Thursday, May 30, 2019

Effective Documentation for Teams

Introduction

Documentation is hugely important. They say that a company’s most valuable asset is the knowledge inside its employees’ heads, so why not get that info out of their heads and into a place that everyone can access?

I’ve been documenting things for myself and my team for over five years. I document systems, bugs, processes, troubleshooting, outages, and much more. It has saved me many, many, more hours than it has cost me. Just like any other part of your professional life, you want to do it to the best of your ability. It will make your life easier, help your team succeed, and show that you’re a star performer.

This article is written with the software engineering field in mind, but the information is applicable to any industry.

The Problem

Documentation is commonly skipped or half-assed. I often hear the excuse, “I don’t have enough time to write documentation!”. The reality is that over the long term, your documentation will save you time. Overall, your job will be much better if you have documentation.

There are questions that people often have that prevents them from starting their documentation journey, including:
Where will I put the documentation? How can I make time to write documentation? What should I document? Can I put it in too many places? How can I make sure people understand my writing? What does documentation even mean? How do I know anyone will ever see what I write?  What counts as “documentation”? Will I lose job security? How do I organize it? How can I encourage my team to contribute to documentation?


Where do I put my documentation?

Put it somewhere that is easy to access and easy to search. SharePoint is ok. A shared OneNote is better. Confluence is best, in my opinion. My teams use Jira. With Jira you also get Confluence. Most of our engineers are always logged into Jira and thus always logged into Confluence, reducing the hurdle of having to log into yet another system. This increases the amount of documentation your team produces and consumes.

Make a space in Confluence or a shared OneNote and start throwing things in there. Worry about organization later. Do not let perfect be the enemy of done. Keep your documentation limited to one place if you can. Don’t have a Confluence and a Sharepoint and a OneNote and a private Stack Overflow.

I also keep a personal OneNote and document a lot of things for myself. If I feel that those things would be useful to other people, I share them in Confluence.

How can I make time to write documentation?

Documentation is an effort multiplier. You may spend an hour to write documentation, and it will save you many hours over time. I cannot count the number of times that someone has asked me a question about some obscure process, and instead of meeting with them for 30 minutes I can just send them a link to a page on Confluence. This is especially helpful because it’s hard for me to get time to have a spontaneous 30 minute technical conversation without interruption, but if 80% of the knowledge they need is just one click away, I can send that link and carry on to my other tasks. Plus, they can easily share it with others.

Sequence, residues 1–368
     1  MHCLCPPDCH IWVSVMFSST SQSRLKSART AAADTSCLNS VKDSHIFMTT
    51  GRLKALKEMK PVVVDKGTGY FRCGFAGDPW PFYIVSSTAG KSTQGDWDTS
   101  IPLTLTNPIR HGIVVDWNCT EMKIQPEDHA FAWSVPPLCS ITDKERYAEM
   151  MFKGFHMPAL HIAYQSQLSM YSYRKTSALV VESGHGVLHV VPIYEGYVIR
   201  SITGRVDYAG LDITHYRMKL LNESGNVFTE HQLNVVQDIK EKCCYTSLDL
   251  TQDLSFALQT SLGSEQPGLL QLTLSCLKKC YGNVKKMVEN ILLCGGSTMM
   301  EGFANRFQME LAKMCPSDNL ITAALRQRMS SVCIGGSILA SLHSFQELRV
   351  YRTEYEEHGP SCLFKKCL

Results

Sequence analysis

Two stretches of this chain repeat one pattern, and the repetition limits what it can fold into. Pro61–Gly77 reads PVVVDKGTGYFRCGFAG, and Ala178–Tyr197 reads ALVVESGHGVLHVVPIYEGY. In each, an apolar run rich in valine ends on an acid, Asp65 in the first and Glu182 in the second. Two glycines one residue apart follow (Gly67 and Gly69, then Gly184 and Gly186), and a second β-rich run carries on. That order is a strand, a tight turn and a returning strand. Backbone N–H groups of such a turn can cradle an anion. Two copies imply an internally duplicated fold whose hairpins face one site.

You don’t really want to type out the same “gotchas” for connecting to that third-party API over and over, do you? It’s better to just send a link with all that info. There are so many times when it has taken me hours to figure something out that could have been solved in five minutes if there was documentation for it. Those are the things you should write down.

What do I document?

Any time you’ve wondered how a process works, you could document that. If you have had questions about it, there is a very high chance that others have questions about it too. And even if they don’t, you will forget this process eventually and probably have to revisit it and relearn everything.

Or, the first time you encounter an issue you could think to yourself, “This was pretty confusing, but if I knew at the start what I know now, I would have been able to solve this issue quickly.” Then you can write that information down. There are so many times where this happens, and yet people just think “yay I solved the issue :)” and move on to the next issue. If you don’t want to keep solving the same issue over and over, you should document as much as you can.

You can document a specific process with a third party API. You can document columns in the database and what depends on them. You can document your git strategy, your scrum strategy, or your process for pushing code to production. Document all the web pages that new developers should bookmark. Document how to get some code to build after pulling down a repository for the first time. Document your scrum retrospective.

You can, and should, also document events such as outages. Document what broke, when it started breaking, when it was resolved, and what fixed it. You should also document the root cause, and try to get as close to the real root cause as possible.

There is no such thing as over documenting. Documentation will help out your team, and it will help out other teams such as your customer support team and product team, and it will help you out as well. The life you save may be your own.

How can I make sure people understand my writing?

The people who are the best candidates to write documentation are the people who like to write. However, I do not want to discourage anyone from writing documentation. If you have something you think is worth documenting but you aren’t confidence in your writing, just write down what you can. It doesn’t have to be poetry, you can just write bullet points.